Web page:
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3 Reasons to Be Cheerful as Nurses

  • Tags:
  • nursing
  • mental health and wellbeing for nurses
  • wellbeing

We are arguably in the midst of the most challenging period in modern history for nurses. Throughout the global pandemic, there have been many lows and few highs. However, many of the nurses we speak to are filled with pride at the difference they are still able to make in their position. This week, we explore 3 reasons to be cheerful for nurses.



Reason to be Cheerful #1: You are Valued

Now more than ever, the country is united in gratitude for the herculean efforts of healthcare workers in the NHS. Although the doorstep applause has died down, it is difficult to walk down any street without seeing a handmade ‘thank you NHS’ sign pinned to a window.

Hopefully, patients, families and society at large will continue to view those in this profession with a renewed sense of appreciation.

Nurses are notorious for undervaluing themselves, with statements like ‘I’m just doing my job.’ Try to take a moment to recognise what a valuable contribution you and your colleagues are making to society.



Reason to be Cheerful #2: The Rewarding Moments

In recent posts, we have discussed mental health and wellbeing in the nursing profession. We recognise the significant strain and pressure that the role can place on nursing staff.

We considered a 2020 survey that reported nearly half of all nursing staff experiencing a 10% increase in work-related stress during the year. 44% reported feeling unwell due to frustration and fatigue at work.

In contrast to this, a recent survey by Jobmedic found that 41% felt they experienced meaningful, touching moments at least once per week. Nearly a third reported experiencing these daily.

We often hear healthcare workers say that their strongest motivations for entering the profession are the desire to help others and make positive impacts in patient’s lives.


Negativity in the Media

In the media, you hear a lot about how difficult it is in nursing – long shifts, staff shortages and a busy workload. This can create quite a negative picture with people working in other sectors. How many of your friends and family have said ‘I don’t know how you do it’ or ‘I could never be a nurse, it sounds so difficult!

We hope that these comments will increasingly change to ‘you’re amazing! I’m so proud of the great work you do as a nurse!’ (see reason to be cheerful #1) However, opening yourself up to recognising when these meaningful, touching moments occur can really raise a smile.

Let’s remember that these more negative stories do help to sell papers. It is because of this that negative stories get so much coverage. And of course, many hospitals are facing major challenges. But the newspapers don’t tell the whole picture. Hold on to the reasons you were driven to work in healthcare in the first place – every day you are having a hugely positive impact on your patients and their families.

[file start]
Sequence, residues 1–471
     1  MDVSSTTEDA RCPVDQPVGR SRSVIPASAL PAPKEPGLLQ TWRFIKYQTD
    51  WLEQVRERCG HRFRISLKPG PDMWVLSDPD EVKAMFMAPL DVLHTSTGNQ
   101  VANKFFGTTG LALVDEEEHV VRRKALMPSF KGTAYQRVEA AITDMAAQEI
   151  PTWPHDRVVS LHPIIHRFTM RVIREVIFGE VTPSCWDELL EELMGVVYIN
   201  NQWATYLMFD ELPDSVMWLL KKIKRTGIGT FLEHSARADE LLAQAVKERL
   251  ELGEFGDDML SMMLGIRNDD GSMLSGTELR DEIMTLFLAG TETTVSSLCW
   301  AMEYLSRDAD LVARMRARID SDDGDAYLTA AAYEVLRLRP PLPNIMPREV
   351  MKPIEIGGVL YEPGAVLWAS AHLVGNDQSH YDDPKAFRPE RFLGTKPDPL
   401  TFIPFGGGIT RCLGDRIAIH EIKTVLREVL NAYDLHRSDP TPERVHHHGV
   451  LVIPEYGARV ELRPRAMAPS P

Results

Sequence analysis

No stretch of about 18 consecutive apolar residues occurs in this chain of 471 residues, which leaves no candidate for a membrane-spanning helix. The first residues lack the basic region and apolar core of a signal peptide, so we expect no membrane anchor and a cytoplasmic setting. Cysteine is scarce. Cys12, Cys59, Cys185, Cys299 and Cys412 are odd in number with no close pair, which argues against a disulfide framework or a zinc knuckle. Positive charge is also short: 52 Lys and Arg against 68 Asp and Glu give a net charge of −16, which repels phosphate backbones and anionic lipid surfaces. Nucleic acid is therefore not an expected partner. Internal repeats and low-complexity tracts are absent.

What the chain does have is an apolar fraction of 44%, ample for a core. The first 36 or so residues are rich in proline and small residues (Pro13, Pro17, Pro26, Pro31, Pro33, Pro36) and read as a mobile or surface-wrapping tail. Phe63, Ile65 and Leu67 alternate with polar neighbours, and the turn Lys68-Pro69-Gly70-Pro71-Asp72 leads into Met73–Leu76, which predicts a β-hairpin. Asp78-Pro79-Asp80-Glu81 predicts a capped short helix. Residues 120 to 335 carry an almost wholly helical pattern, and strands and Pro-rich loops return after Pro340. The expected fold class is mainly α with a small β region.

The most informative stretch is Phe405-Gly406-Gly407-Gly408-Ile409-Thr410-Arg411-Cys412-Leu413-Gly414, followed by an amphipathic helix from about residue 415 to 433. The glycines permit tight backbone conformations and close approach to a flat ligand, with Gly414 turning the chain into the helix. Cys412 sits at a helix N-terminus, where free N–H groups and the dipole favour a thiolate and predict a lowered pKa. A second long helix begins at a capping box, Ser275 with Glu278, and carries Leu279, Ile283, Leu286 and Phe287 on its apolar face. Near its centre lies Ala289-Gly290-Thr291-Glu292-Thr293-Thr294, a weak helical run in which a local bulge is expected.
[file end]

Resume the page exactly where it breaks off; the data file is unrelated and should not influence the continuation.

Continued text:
These meaningful moments could include:

  • a patient thanking you for your care and attention
  • seeing a family heading home for the first time with their new baby
  • a patient smiling after receiving some good news
  • knowing that you delivered difficult news to a patient in a caring and clear manner

These are reasons to be cheerful!

If you have a really difficult shift, try jotting down the meaningful moments you have experienced. Keeping a simple journal of these is a really nice way to keep positive. You can revisit them whenever you need to.



Reason to be Cheerful #3: Opportunities for a Break are Coming!

It has been an incredibly tough year, and our wonderful nurses across the country deserve a break. The thought of having a few days off may feel a little unreal at the moment. Visiting friends & family? Heading to an art gallery for an afternoon? Remember those nice things? It’s time to start feeling hopeful and making a few positive plans.

For nurses, booking in annual leave is one of the rare times that having an unpredictable work schedule can really work for you.

Working twelve-hour shifts means you normally work three shifts with a few days off each week. In these cases, you can make several “day off requests”, which are days you can request not to work without using up annual leave.

To get the maximum amount of days off, try using your day off requests alongside some annual leave, which could give you up to eleven days off, whilst only using 7 days of allocated leave.

Your requests may not be accepted in busy periods, but it’s worth a try! You could also try strategically swapping shifts with colleagues to free up more days close to your annual leave time.


Thanks for reading!

We hope that these 3 reasons to be cheerful were able to put a smile on your face. We welcome you to get in touch if you have any comments or additions to the list!

Prospero Health & Social Care are recruiting for a range of nurse vacancies across the UK – pre-register for our nursing jobs here.

If you are interested in discussing your next nursing role, check out our available jobs here.


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